TOKYO Japanese Prime Minster Shinzo Abe has pledged to deliver nearly $9 billion in aid to Philippine President Rodrigo Duterte to rebuild battle-damaged areas of Mindanao island and improve infrastructure throughout the country.
Abe and Duterte signed a joint statement on Oct. 30 agreeing to a public- and private-sector contribution worth a total of 1 trillion yen ($8.78 billion) for the rapidly growing Southeast Asian country of over 7,000 islands.
At the signing ceremony following their summit, Abe said, "As he moves forward in his efforts to fight terrorism, and also for stability in Mindanao, we would like to provide our full support to President Duterte's approach." Duterte replied: "The Philippines and Japan are building a golden age of our strategic partnership."
The offer of aid over the next five years had basically been agreed by the two leaders when Abe visited the Philippines in January. The Japanese leader gave further details of the package on Oct. 30, to which his Philippine counterpart agreed.
SHARED CONCERNS Another area of interest to both leaders is security in the South China Sea, over much of which China claims control. Duterte will chair the upcoming meetings of the Association of Southeast Asian Nations and the East Asia Summit to be held in the Philippines in the first half of November.
The two leaders also agreed that North Korea's provocations must be dealt with. Abe named the nuclear and missile programs, as well as a prompt resolution of North Korea's abduction of Japanese citizens, as issues on which Japan and the Philippines will work together.
Regarding Pyongyang's continuing missile launches and nuclear tests, Duterte said, "We condemn these tests." He also urged North Korea to come back to the negotiating table to peacefully resolve the situation.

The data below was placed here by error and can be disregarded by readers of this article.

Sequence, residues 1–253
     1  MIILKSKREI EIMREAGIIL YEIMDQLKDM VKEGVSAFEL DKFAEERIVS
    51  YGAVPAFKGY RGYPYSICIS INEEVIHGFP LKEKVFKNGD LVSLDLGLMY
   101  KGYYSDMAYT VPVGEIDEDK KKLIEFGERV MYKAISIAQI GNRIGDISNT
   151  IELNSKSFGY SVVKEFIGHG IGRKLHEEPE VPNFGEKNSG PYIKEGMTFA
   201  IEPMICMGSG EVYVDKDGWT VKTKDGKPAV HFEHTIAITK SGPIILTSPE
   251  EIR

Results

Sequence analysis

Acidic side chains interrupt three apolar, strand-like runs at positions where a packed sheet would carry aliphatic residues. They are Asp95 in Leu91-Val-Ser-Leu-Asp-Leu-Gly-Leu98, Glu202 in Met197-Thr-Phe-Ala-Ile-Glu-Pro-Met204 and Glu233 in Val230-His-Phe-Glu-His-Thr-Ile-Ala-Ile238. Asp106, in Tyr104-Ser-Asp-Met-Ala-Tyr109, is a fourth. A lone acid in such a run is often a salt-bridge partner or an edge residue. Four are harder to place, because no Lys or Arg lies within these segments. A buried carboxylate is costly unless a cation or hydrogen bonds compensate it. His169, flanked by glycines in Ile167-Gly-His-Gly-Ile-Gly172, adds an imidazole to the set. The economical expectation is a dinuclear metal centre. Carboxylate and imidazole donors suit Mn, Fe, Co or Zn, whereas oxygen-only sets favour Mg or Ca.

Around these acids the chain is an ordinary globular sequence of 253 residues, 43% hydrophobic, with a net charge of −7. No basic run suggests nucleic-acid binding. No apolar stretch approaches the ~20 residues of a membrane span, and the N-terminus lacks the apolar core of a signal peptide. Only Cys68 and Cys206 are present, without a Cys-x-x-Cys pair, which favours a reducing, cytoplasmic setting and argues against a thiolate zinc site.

The fourth meeting between Abe and Duterte was aimed at deepening the strategic partnership between the two countries, and ended fruitfully for the Philippines.
Mindanao, especially the city of Marawi, has been hard hit by fighting between government forces and Islamic fighters linked to the Islamic State militant group. The area has been under martial law since May, and Duterte recently declared victory over the militants.
Japan's aid is intended to help swiftly rebuild Marawi once martial law is lifted and restore lasting stability in the area.
Japan will provide funds for improving the country's train networks and disaster-mitigation infrastructure, supporting Duterte's drive to spur the economy. Upgrades to the rail network will include the country's first subway system in Manila and a north-south commuter line between Clark and Los Banos on the island of Luzon.
The subway system will cost an estimated 800 billion yen and is aimed at relieving the capital's notorious traffic jams, said to be among the worst in Asia. The Japanese government will help with its construction and operation, and is considering extending yen loans for the project.
Japan also pledged to help the Philippines increase its power generation capacity and expand the use of liquefied natural gas.
The two countries vowed to crack down harder on drug trafficking and to cooperate on coastal surveillance. The coast guards of Japan, the Philippines, Malaysia, Vietnam and Indonesia will conduct joint training exercises in Manila. "We hope that this will be a model for our cooperation," Abe said.
By providing aid, Japan aims to strengthen its ties with the Philippines, which, in addition to being current chair of ASEAN, plays a key security role in the South China Sea, where China has been building up an economic and military presence.
Duterte has been carrying out a balancing act between Japan and China, aiming to secure economic support from both sides to sustain his popularity at home and deliver on his economic promises.
China has pledged $24 billion in aid to the Philippines. The funding competition between Japan and China may continue to escalate, creating further growth potential for the Southeast Asian country.